2. For loading data to Sesame, set the 'sesameInputTriplesFile' tag in benchmark.xml file to the name of the N-TRIPLES file to read from, set 'sesameServerAddress' tag to the address of the Sesame server, and set 'sesameRepositoryID' tag to the ID of the repository to which you want to upload data. Call Sesame Data Loader.load Data(), and it will load the data to the store specified.
  3. For loading data to Jena-TDB, set the 'jenaTDBInputTriplesFile' tag in benchmark.xml file to the name of the N-TRIPLES file to read from, set 'jenaTDBDatasetGraph' tag to the path of 'JenaTDB' dataset. Call Jena TDB Data Loader.load Data(), and it will load the data to the dataset specified.
  4. Since Big OWLIM, uses Tomcat and Open RDF- Workbench like Sesame, so same settings can be used for loading data to Big OWLIM store.

For loading dataset of size 100% into virtuoso it takes approx 10 Hrs, 8 Hrs for Jena-TDB, 14 Hrs for Sesame, and 8 Hrs for Big OWLIM.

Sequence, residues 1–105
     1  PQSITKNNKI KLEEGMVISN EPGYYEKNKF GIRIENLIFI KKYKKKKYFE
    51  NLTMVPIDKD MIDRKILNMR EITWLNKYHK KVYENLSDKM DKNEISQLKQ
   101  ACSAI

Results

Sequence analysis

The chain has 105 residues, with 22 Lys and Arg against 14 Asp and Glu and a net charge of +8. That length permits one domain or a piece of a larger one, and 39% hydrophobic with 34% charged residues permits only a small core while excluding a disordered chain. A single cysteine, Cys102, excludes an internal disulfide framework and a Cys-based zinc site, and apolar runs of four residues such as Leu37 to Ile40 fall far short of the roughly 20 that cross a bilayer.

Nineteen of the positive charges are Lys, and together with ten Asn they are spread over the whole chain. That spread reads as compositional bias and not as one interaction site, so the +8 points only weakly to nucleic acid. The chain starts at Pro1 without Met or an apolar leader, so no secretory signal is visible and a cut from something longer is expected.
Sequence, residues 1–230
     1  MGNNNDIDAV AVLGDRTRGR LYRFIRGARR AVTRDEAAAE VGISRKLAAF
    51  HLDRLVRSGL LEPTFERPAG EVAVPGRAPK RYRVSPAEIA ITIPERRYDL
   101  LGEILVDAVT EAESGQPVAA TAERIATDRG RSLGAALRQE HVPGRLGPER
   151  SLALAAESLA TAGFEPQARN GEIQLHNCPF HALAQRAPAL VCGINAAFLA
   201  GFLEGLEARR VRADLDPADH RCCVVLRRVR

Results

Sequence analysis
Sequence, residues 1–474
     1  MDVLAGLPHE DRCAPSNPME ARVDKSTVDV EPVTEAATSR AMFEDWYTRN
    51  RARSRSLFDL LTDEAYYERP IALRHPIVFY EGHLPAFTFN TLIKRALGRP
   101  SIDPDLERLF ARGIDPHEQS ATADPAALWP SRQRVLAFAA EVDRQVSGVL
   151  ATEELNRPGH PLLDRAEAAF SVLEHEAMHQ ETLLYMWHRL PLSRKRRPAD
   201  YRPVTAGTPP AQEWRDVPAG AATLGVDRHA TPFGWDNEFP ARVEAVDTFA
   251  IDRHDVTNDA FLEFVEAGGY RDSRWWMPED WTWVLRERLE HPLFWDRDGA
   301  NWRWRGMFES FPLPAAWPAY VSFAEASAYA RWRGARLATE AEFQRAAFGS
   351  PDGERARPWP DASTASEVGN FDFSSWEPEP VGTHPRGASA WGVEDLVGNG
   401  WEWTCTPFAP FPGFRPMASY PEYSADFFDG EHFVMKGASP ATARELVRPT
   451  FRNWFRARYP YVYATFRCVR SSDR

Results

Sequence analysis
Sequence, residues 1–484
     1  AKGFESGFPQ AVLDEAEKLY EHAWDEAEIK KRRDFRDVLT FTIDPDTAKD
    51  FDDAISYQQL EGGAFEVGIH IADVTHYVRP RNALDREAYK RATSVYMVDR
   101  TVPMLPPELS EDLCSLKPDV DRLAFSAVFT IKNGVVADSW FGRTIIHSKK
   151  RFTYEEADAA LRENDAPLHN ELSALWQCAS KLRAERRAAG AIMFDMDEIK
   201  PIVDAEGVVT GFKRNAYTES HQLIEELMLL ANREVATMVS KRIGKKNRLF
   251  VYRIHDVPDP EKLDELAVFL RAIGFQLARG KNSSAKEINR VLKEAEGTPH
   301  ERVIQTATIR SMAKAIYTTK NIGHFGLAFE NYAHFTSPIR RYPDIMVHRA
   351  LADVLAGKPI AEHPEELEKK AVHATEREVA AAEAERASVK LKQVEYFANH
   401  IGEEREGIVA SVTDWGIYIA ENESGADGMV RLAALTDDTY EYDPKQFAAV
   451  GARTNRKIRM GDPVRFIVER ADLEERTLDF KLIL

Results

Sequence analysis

Benchmark Procedures

There are 4 classes called 'VirtuosoQueryExecutor', 'JenaTDBQueryExecutor', 'SesameQueryExecutor', and 'BigOWLIMQueryExecutor' for each type of triplestore, each one of them contains a function called 'executeQuery' that takes the SPARQL query as parameter and returns the execution time of that query against the triplestore of interest in micro-seconds. This function is called within a loop that works for 20 minutes for warm-up, and then for 60 minutes for actual calculation .

Benchmark Metrics

The main metrics used in DBPSB for performance measurement are:

  1. Query Mixes per Hour (QMpH), which denotes the number of query mixes posed to the test store in one hour.
  2. Queries per Second (Qp S), which is the number of queries (query variations of a specific query) the test store can answer in one second.

Project Team

Publications

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News

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Should I publish my dataset under an open license? ( 2016-06-22T11:41:28+02:00 by Dr.-Ing. Sebastian Hellmann)